prisoners of war

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Prisoners of War

  • Prisoners of War

    During the Second World War New Zealanders became prisoners of war in large numbers. Most Kiwi POWs were soldiers captured in Greece, Crete and North Africa. In total, more than 8000 were held in captivity - one in 200 of New Zealand's population at the time.

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  • Page 2 – Capture

    Most of New Zealand's Second World War POWs were captured in the European theatre in the early stages of the war. Only about 100 New Zealand servicemen fell into Japanese hands

  • Page 3 – Incarceration

    The incarceration of most New Zealand army POWs began in transit camps where facilities were rudimentary in the extreme. Generally little more than holding pens, they were

  • Page 4 – Daily life

    POW camps tended to be rather bleak places. They could not, for security reasons, have trees and other greenery growing in them although many prisoners did receive seed from

  • Page 5 – The Tiki times

    The 'Tiki Times' was a hand- printed and illustrated newspaper produced weekly at prisoner of war camp E535, Milowitz, Poland from August 1944 to January 1945. Milowitz was a

  • Page 6 – Forced marches

    As the war drew to a close, POWs in the more eastern of the German camps were often gathered together at short notice and marched off under guard in a westerly direction

  • Page 7 – Camp cookers

    A reprint of an article written by John Frizell (ex-POW) about the ovens used in POW camps during the Second World War

  • Page 8 – Liberation

    The prospect of liberation was a key to POWs' morale. But a great many had no intention of passively awaiting the arrival of Allied forces, an attitude that was reinforced by

  • Page 9 – Repatriation

    Attention was given to the problem of repatriating POWs long before 1945. A New Zealand repatriation unit was established in the United Kingdom under the command of Major-

  • Page 10 – The camps

    A list of Prisoner of War Camps where New Zealand POWs were held during the Second World War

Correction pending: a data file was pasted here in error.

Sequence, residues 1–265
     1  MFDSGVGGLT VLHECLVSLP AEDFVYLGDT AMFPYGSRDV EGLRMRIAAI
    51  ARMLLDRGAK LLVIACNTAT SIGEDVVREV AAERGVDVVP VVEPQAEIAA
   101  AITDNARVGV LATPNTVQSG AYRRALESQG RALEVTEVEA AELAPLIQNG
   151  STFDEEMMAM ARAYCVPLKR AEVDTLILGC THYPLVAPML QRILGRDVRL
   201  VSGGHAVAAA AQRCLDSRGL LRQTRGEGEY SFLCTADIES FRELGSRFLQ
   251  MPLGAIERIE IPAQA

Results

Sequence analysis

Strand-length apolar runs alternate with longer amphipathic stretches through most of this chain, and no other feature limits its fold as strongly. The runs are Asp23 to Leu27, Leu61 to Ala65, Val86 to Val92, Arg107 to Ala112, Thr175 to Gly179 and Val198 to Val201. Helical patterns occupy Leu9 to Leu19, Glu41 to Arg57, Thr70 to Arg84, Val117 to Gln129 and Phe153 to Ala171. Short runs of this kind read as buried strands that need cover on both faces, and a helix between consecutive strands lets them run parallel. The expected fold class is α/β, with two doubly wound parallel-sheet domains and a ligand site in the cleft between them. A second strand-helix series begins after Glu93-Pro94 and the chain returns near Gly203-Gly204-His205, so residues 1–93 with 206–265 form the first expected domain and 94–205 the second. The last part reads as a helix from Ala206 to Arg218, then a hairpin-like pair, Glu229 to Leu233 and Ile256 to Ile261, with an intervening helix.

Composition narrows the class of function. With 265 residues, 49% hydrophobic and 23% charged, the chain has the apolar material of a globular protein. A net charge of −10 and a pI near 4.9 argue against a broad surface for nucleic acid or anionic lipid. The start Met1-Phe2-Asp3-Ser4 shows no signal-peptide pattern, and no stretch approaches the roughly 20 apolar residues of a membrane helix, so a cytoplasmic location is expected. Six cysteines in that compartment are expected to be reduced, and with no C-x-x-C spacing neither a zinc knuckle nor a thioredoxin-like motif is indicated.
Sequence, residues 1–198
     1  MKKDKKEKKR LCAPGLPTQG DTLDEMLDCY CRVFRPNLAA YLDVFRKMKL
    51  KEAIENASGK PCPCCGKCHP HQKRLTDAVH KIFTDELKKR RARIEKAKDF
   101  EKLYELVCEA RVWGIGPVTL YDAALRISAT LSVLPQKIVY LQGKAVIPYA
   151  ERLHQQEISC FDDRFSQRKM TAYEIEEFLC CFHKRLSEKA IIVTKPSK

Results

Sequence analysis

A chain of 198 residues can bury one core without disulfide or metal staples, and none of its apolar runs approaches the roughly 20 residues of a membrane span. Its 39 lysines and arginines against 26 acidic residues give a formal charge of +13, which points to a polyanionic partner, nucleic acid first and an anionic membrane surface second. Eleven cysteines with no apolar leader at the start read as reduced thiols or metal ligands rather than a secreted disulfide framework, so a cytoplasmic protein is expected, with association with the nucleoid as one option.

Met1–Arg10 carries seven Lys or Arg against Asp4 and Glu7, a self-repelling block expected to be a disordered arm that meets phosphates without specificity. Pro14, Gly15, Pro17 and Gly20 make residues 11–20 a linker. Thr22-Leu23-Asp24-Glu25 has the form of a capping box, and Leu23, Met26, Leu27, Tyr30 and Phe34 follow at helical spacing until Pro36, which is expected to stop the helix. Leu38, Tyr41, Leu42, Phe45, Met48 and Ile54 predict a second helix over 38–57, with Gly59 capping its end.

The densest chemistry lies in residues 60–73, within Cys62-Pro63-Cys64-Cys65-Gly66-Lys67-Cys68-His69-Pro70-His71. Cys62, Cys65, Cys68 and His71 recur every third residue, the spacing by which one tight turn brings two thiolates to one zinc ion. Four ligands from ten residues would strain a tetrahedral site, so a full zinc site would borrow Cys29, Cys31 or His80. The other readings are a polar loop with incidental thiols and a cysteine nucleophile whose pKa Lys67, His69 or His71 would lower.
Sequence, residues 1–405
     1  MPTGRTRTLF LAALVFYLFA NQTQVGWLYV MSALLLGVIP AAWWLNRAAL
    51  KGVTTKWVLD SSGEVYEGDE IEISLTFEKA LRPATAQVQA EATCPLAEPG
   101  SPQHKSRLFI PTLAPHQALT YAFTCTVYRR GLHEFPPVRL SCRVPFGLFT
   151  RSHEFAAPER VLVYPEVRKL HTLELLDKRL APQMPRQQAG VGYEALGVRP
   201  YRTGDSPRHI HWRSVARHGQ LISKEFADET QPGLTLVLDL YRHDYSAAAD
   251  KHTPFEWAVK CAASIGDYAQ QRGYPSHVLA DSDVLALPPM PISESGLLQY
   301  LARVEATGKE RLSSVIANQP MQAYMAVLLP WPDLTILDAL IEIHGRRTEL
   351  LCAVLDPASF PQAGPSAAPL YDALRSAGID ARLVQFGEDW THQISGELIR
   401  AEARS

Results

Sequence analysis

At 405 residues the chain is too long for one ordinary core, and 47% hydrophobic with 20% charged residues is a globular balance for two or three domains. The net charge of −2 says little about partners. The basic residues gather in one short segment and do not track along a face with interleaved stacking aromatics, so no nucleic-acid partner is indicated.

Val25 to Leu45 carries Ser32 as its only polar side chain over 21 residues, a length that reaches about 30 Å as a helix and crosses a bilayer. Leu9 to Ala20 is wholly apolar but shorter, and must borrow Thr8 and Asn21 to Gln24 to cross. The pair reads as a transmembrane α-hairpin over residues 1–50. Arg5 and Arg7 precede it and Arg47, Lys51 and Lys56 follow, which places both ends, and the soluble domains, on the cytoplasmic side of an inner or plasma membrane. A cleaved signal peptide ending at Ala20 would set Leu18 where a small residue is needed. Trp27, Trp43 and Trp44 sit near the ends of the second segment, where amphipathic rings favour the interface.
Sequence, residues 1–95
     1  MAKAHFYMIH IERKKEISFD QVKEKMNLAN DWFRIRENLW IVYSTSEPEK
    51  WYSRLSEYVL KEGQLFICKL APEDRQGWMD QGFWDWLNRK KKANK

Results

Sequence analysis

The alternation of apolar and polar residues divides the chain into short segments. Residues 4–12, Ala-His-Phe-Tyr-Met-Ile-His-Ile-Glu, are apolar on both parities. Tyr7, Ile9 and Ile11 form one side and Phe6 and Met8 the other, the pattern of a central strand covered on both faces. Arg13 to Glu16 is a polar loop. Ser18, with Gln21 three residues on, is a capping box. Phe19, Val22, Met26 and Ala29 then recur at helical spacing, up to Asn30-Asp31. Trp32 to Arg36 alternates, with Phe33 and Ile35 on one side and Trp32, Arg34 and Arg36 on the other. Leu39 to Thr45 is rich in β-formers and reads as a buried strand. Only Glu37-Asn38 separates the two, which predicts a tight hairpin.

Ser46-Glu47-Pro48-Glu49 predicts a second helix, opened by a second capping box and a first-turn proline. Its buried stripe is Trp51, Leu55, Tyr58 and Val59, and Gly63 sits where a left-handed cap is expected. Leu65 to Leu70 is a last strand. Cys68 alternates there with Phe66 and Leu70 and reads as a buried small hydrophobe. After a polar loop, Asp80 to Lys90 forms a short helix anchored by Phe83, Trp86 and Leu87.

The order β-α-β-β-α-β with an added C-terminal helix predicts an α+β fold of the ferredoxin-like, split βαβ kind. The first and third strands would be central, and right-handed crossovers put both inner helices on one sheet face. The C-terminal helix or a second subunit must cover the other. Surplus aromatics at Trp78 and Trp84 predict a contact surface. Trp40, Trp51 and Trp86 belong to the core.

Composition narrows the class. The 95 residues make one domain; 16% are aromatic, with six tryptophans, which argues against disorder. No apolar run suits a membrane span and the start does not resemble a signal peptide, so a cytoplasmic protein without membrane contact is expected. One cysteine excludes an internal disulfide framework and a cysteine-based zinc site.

Featherston incident

  • Featherston incident

    Two kilometres north of the quiet little Wairarapa town of Featherston a small memorial garden marks the site of a riot that resulted in the deaths of 48 Japanese prisoners of war and one guard.

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  • Page 1 - Incident at FeatherstonTwo kilometres north of the quiet little Wairarapa town of Featherston a small memorial garden marks the site of a riot that resulted in the deaths of 48 Japanese prisoners of war

New Zealand and Le Quesnoy

  • New Zealand and Le Quesnoy

    It was the New Zealand Division's final action of the First World War. On 4 November 1918, just a week before the Armistice was signed, New Zealand troops stormed the walled French town of Le Quesnoy. The 90 men killed were among the last of the 12,483 who fell on the Western Front.

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  • Page 5 - Battle accounts, Private NimmoCaptain James Matheson Nimmo joined 3rd Battalion, 3rd New Zealand (Rifle) Brigade on 27 September

War oral history programme

The Salonika campaign

  • The Salonika campaign

    23 October is the anniversary of the 1915 sinking of the Marquette with the loss of 32 New Zealanders, including 10 nurses. They were en route from Egypt to the Greek port of Salonika as New Zealand’s contribution to the little-known Allied campaign in the Balkans

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  • Page 6 - Hidden AnzacsA number of New Zealanders served in the British imperial forces at Salonika rather than with the New Zealand Expeditionary Force.

Hospital ships

  • Hospital ships

    The Maheno and Marama were the poster ships of New Zealand's First World War effort. Until 1915 these steamers had carried passengers on the Tasman route. But as casualties mounted at Gallipoli, the government - helped by a massive public fundraising campaign - converted them into state-of-the-art floating hospitals.

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  • Page 6 - Later service and legaciesThe Marama missed Gallipoli, reaching the Mediterranean a few weeks after the Allies abandoned the peninsula. The ships’ service pattern would now be dominated by long voyages

Biographies

  • Clouston, Wilfrid Greville

    Wilfrid Greville Clouston was one of the first New Zealand air aces of the Second World War. He survived the Battle of Britain only to spend the majority of the war in a Japanese prisoner of war camp.

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